Let FSAP help you focus on self-care during the holiday season
Emory Report | Dec. 9, 2020
As the holidays and winter break approach, schedule time to focus on self-care and emotional wellbeing. Several programs from the university’s Faculty Staff Assistance Program can help.
As the holidays and winter break approach, the university’s Faculty Staff Assistance Program (FSAP) has a collection of programs that will help you take time for self-care and emotional wellbeing. Registration is needed, but all programs are free and open to any interested faculty or staff.
“Given the challenges of 2020, it’s especially important this holiday season to slow down, make time for self-care and experience moments of peace and comfort,” says Robin Huskey, manager of education and outreach for Emory FSAP. “While we face loss, disappointment and altered plans, we still have opportunities to create connectedness, new traditions and even some joy to carry us through the winter months.”
Mindfulness for Sleep: Tuesday, Dec. 15, at 11:30 a.m.
Do you struggle with calming your mind at bed time? Join us virtually to learn and practice simple mindfulness practices that support your sleep, health, functioning and overall quality of life. Bring your kind intention to protect, enjoy and prioritize your very own sleep. Co-sponsored by FSAP and Healthy Emory. Register here.
Single Mingle Holiday Jingle: Thursday, Dec. 17, at 4:30 p.m.
Come gather virtually with other single employees who are celebrating winter holidays while living alone during the pandemic. Share some cheer, make new friends and know that although you may live by yourself, you are not alone. Register in advance to receive the Zoom meeting link.
Making “Good Enough” Be Enough This Holiday Season: Friday, Dec. 18, at 11 a.m.
Wondering how to make the most of your holiday break amid the stress of the pandemic? Curious how peace and joy can coexist with grief, disappointment or worry? Join us for a virtual panel conversation as we acknowledge 2020’s challenges and highlight strategies and resources for mental, physical and spiritual health during the holidays and winter break. Panelists include representatives from FSAP, Healthy Emory and the Office of Spiritual and Religious Life. This event is sponsored by the Emory University Senate, Faculty Council and Employee Council. Register in advance. After registering, you will receive a confirmation email with information about joining the webinar.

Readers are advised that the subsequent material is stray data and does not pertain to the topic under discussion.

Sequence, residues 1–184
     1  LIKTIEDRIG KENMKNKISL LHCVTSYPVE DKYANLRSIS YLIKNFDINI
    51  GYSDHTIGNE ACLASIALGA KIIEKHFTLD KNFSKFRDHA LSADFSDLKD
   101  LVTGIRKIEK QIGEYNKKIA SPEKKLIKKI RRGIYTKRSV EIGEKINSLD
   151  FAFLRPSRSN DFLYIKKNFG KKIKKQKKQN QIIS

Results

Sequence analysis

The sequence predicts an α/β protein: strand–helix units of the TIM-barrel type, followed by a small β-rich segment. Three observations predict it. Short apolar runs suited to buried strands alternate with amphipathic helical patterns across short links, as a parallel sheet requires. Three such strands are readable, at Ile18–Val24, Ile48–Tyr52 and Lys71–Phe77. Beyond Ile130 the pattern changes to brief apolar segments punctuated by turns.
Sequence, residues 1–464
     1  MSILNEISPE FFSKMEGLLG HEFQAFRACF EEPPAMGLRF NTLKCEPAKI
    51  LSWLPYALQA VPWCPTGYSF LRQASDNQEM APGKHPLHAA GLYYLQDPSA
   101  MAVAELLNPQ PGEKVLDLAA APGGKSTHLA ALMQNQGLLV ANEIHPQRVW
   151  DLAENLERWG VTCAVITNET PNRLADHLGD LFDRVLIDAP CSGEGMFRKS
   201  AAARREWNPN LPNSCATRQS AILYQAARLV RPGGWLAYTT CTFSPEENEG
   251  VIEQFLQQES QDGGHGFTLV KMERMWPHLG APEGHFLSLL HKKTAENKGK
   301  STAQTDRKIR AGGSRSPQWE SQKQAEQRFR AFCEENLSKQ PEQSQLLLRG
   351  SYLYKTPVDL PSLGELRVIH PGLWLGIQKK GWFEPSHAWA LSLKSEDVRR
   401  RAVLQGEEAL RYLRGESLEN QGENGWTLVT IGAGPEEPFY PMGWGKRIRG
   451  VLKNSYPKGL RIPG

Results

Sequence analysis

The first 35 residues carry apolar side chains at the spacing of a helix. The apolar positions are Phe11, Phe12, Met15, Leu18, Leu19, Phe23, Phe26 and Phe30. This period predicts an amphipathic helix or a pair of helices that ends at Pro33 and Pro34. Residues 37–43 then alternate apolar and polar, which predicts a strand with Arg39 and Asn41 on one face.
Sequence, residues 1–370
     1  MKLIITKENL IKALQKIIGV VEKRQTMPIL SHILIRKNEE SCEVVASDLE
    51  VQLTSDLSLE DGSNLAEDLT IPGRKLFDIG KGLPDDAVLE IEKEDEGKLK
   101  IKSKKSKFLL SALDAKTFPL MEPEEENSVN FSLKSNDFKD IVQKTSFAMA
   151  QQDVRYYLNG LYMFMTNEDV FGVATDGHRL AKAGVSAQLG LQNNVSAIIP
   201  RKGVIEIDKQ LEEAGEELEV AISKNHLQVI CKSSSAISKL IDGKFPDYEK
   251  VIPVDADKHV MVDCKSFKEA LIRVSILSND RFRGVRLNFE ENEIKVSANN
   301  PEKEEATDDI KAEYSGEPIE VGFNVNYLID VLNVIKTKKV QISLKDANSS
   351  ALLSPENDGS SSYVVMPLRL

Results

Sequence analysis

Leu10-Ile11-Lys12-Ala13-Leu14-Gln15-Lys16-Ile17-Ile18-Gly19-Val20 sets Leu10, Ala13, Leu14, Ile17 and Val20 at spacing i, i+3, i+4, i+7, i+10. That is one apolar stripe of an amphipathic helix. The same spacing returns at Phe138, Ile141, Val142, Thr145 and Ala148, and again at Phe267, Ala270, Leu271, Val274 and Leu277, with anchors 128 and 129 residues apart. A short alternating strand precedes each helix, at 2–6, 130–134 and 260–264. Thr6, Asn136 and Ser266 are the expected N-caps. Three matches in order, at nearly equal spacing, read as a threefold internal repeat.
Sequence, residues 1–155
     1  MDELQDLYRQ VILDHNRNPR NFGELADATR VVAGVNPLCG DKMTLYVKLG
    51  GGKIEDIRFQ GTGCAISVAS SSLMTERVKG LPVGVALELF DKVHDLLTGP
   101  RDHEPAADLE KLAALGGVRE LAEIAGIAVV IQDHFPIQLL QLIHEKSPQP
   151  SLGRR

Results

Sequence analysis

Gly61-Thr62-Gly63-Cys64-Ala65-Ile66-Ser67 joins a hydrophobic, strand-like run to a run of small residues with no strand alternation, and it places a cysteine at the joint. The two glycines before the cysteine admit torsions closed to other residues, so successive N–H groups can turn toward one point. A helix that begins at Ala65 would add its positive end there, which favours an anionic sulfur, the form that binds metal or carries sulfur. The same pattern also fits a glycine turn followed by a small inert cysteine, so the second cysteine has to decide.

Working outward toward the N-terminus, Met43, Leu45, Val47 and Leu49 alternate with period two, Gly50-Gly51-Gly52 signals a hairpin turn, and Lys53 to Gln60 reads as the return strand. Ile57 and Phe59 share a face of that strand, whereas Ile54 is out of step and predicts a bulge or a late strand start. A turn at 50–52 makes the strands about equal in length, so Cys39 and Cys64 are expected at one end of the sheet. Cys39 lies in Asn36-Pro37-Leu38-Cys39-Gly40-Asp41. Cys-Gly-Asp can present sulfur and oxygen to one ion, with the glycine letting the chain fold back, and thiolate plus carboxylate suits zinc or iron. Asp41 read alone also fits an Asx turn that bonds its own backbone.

FSAP encourages employees to also participate in other University-sponsored offerings.
“Connect and Cope With Us” video series
This series of conversations in conjunction with Science Gallery Atlanta explores coping mechanisms and how to develop a resilient mindset with a sense of compassion and kindness. The remaining programs include “Spiritual Healing” on Monday, Dec. 14, with Jordan Braunig, Jewish chaplain in the Office of Spiritual and Religious Life, and “Resilience” on Friday, Dec. 18, with Bobbi Patterson, professor emerita in the Department of Religion. Both programs are at 4 p.m. and shown on Science Gallery Atlanta’s YouTube channel. Learn more and watch previous programs here.
Daily Compassion Meditation Sessions
Take time to refresh your mind and learn more about practicing compassion with help from Emory’s Center for Contemplative Science and Compassion-Based Ethics.
Each hour-long session includes 15 minutes to introduce and explore the weekly topic, a 30-minute guided meditation and 15 minutes for informal discussion and closing. Instructors will offer optional take-home practices designed to allow insights that you find valuable during the sessions to flow into everyday life.
All sessions are led by a certified instructor for the research-based compassion-training program developed at Emory known as CBCT (Cognitively-Based Compassion Training). Learn about session topics and register.
Connect with FSAP
Through the holiday season and beyond, remember that FSAP is always available to support Emory University faculty and staff.
Conditions such as depression (or “holiday blues”), increased anxiety, grief and loss, financial difficulties, substance misuse and relationship conflict are more common during winter months. The challenges of 2020 can compound that by stirring up a variety of emotions, from joy and excitement about the holidays to sadness and loneliness as a result of COVID-19.